Posted in 2014 WORLD CHAMPIONSHIP - COVERAGE on December 2, 2014

By Adam Styborski

Stybs has played Magic the world over, writing and drafting as part of the event coverage team and slinging Commander everywhere his decks will fit.

"The best in the world."

Using that phrase to describe a player is often a debatable point, except when it specifically isn't. The World Championship, built to invite only the game's greatest players, is where the dust gets settled in this debate. It's an incredible honor and privilege to be one of the elite twenty-four invited, but it isn't something easily bestowed.

Players earn the right to attend, and some have even qualified multiple times. Of those, just three have been invited to all three of the modern World Championship events: 2012 in Seattle, 2013 in Amsterdam, and now 2014's in Nice.

One method to qualify is to win the Magic OnlineChampionship. That's how the third-ranked Reid Duke first arrived to the World Championship in 2012.

Third-ranked Reid Duke has had very polarizing finishes in the last two World Championship events, as the pursuit of wins continues to motivate him each and every year.

"You know, he time I qualified the first time I thought it was going to be the most pressure at any event in my Magic career. The reality is after playing this tournament two times it's become the most exciting week of the year for me. Despite my mixed results the past two years," Duke said, referring to his last finish in 2012 compared to being the finalist in 2013. "I've really enjoyed playing here. It's the proving ground to show I'm really one of the best."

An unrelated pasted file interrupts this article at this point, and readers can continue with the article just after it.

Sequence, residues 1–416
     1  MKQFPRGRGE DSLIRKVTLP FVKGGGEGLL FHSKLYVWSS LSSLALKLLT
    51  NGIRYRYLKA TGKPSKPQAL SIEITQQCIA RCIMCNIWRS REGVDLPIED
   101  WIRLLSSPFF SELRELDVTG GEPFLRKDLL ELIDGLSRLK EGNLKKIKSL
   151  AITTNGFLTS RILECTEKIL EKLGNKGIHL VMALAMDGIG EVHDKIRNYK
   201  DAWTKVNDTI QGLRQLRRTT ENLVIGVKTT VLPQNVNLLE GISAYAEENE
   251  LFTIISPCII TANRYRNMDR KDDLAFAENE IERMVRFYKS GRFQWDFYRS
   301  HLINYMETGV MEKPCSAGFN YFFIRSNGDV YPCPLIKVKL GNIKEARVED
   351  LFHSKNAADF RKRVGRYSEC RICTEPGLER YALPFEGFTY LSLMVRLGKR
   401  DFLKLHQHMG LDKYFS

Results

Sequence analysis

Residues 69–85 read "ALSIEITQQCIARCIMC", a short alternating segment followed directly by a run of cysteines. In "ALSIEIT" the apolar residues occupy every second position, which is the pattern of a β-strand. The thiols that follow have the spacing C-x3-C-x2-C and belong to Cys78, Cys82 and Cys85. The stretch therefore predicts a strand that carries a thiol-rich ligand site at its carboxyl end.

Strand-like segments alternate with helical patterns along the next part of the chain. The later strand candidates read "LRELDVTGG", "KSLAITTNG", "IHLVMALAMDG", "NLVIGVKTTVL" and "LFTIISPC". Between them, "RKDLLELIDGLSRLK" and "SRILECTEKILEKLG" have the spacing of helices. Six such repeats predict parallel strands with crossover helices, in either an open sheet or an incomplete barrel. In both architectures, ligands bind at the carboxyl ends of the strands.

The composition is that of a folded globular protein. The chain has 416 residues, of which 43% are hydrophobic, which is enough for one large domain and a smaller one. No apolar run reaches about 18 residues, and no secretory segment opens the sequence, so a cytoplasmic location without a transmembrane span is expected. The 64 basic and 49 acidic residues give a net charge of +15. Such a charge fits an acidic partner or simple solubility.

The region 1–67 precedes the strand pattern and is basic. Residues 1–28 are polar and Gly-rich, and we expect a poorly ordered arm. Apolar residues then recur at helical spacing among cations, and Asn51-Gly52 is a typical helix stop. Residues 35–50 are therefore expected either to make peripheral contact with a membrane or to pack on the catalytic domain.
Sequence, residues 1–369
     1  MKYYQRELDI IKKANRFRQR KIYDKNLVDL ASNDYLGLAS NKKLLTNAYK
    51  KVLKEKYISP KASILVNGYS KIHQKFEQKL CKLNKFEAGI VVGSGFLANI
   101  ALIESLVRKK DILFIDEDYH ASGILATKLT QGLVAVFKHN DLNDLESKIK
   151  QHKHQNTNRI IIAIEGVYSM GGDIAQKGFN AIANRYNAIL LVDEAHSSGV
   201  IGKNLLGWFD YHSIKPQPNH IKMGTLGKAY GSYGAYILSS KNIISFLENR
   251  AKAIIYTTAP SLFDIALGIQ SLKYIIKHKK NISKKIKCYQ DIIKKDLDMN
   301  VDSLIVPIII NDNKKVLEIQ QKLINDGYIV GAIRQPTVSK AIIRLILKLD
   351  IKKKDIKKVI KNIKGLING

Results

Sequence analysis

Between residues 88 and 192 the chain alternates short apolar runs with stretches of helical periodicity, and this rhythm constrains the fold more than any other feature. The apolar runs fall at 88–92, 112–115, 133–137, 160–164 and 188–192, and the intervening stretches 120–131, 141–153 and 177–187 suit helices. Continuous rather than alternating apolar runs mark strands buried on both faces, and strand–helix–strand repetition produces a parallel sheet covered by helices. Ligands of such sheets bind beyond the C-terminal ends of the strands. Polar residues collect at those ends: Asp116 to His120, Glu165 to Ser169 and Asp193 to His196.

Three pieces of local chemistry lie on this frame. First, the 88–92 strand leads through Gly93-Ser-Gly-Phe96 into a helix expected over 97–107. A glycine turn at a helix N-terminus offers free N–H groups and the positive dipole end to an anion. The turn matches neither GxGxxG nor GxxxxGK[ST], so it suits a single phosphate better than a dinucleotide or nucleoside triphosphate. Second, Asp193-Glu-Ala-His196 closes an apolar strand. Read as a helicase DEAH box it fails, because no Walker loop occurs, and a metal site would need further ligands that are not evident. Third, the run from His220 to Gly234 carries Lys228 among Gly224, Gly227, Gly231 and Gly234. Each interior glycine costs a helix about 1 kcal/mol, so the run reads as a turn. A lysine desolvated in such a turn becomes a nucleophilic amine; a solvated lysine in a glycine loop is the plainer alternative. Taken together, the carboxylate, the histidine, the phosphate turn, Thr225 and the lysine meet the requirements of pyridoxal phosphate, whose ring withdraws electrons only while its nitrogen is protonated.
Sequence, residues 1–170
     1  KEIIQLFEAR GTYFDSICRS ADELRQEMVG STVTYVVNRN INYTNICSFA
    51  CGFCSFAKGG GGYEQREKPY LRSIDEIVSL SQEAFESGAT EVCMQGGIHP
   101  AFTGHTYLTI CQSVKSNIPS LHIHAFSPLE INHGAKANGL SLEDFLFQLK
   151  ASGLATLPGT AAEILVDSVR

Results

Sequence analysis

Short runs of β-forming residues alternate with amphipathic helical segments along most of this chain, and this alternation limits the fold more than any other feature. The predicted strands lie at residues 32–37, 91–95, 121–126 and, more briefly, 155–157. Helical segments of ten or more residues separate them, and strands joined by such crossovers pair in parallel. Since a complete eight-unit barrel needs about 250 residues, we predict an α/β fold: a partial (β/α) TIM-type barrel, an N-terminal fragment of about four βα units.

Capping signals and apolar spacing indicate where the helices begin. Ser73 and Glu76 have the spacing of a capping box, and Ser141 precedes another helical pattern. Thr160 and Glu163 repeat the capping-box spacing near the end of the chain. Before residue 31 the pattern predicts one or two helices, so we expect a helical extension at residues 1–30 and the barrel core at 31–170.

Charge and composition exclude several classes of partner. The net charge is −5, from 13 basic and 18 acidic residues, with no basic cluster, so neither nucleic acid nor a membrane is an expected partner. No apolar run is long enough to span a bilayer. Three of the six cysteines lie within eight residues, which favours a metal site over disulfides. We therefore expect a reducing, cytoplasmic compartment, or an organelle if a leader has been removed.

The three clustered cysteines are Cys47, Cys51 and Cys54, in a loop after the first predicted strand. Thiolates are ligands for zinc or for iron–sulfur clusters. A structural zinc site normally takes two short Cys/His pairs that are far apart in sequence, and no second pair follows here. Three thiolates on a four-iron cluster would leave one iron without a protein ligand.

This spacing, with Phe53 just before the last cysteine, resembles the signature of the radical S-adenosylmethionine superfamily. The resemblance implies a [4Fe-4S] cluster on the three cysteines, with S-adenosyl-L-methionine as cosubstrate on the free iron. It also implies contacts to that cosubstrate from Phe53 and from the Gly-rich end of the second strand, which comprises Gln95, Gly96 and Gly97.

In the years that followed his disappointing debut at the World Championship, Duke has won multiple Grand Prix, earned a Pro Tour Top 8, and formed a tight team that propelled all of them to the top of the Top 25 standings (and qualification for this year's event). Is that still a driver for Duke, proving he's one of the best? "Absolutely. Each year I play and don't get first place is an extra pressure on me to get the title this year. Qualifying for the tournament is not a goal in itself: It's just one extra opportunity to get first place."

With two of his closest teammates also qualified, first-ranked Owen Turtenwald and seventh-ranked William Jensen, is it a benefit or drawback to work with players that ultimately stand in the way of first? "It's a positive. Last year I had Jensen helping me despite not being qualified, and Turtenwald the year before that," Duke explained. "Both times I was very glad to have their help. This time it's completely different in that all three of us are equally invested in the tournament and trying to do our best individually. Having teammates you can count on working their hardest and trying their best to help you is very valuable. If we play against each other we each understand the stakes. There's no hard feelings."